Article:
More on “A Republic, not a Democracy”
For a change not by me.
Longtime (and perhaps short-time) readers are aware of my fondness for the phrase “we have a republic, not a democracy.” And by “fondness” I mean an increasing inability to read the phrase without my skin crawling at least a little (and certainly an inability to keep quiet if the phrase appears in my proximity). Indeed, I have spilled so many electrons on the subject, there is a meta-post that contains all the links: The “A Republic, not a Democracy” Library.
Instead of listening to me, let me refer you two pieces I read this week that echo and add to my normal attempts to note both the generally vapid aspects of the formulation in question, as well as to point out how Madison used the terms in the Federalist Papers.
First we have, NYT columnist Jamelle Bouie: Alexandria Ocasio-Cortez Understands Democracy Better Than Republicans Do.
A good bit of the piece is a re-iteration of numerous things I have pointed out about Madison. For example, Bouie correctly notes:
When James Madison critiqued “democracy” in Federalist No. 10, he meant the Athenian sort: “a society consisting of a small number of citizens, who assemble and administer the government in person.” This he contrasted with a “republic” or “a government in which the scheme of representation takes place.” Likewise, in a 1788 speech to the New York ratification convention, Alexander Hamilton disavowed “the ancient democracies in which the people themselves deliberated.” They “never possessed one good feature of government,” he said. “Their very character was tyranny; their figure deformity.”
In more modern terms, the founders feared “direct democracy” and accounted for its dangers with a system of “representative democracy.” Yes, this “republic” had counter-majoritarian aspects, like equal representation of states in the Senate, the presidential veto and the Supreme Court. But it was not designed for minority rule.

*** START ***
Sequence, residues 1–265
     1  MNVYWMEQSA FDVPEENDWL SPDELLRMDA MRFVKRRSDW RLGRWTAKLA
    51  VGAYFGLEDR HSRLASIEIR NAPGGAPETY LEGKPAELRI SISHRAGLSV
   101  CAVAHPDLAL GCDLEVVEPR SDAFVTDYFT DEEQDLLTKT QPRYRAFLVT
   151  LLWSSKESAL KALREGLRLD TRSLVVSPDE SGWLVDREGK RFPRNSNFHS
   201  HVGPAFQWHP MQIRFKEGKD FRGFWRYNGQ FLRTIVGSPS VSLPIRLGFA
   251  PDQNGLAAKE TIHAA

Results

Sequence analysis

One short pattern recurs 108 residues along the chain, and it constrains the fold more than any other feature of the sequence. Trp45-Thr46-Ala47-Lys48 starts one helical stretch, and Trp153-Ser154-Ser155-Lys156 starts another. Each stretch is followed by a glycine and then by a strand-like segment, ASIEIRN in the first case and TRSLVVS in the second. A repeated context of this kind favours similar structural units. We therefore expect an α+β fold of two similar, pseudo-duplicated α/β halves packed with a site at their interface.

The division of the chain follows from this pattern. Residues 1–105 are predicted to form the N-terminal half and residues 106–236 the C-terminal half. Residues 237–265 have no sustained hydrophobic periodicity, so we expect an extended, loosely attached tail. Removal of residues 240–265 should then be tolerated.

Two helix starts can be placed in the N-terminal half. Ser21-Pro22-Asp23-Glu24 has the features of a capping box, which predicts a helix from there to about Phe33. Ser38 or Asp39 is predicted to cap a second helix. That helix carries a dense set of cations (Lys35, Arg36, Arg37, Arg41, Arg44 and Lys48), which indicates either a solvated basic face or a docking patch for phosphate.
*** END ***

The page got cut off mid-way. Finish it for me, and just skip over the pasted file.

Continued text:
Indeed. You know, minority rule: when the candidate with less popular support and less votes gets to be president. That wasn’t what the Framers were after.
At any rate, the more interesting part of the column is the portion which gives a partial origin story of the phrase “a republic, not a democracy”:
Nicole Hemmer, a historian of American politics and the author of “Messengers of the Right: Conservative Media and the Transformation of American Politics,” traces it to the 1930s and 40s. “When Franklin Roosevelt made defending democracy a core component of his argument for preparing for, and then intervening in, the war in Europe, opponents of U.S. intervention began to push back by arguing that the U.S. was not, in fact, a democracy,” she wrote in an email.
One Roosevelt opponent, for example — Boake Carter, a newspaper columnist who supported the America First Committee (which opposed American entry into World War II) — wrote a column in October 1940 called “A Republic Not a Democracy,” in which he strongly rebuked the president for using the word “democracy” to describe the country. “The United States was never a democracy, isn’t a democracy, and I hope it will never be a democracy,” Carter wrote.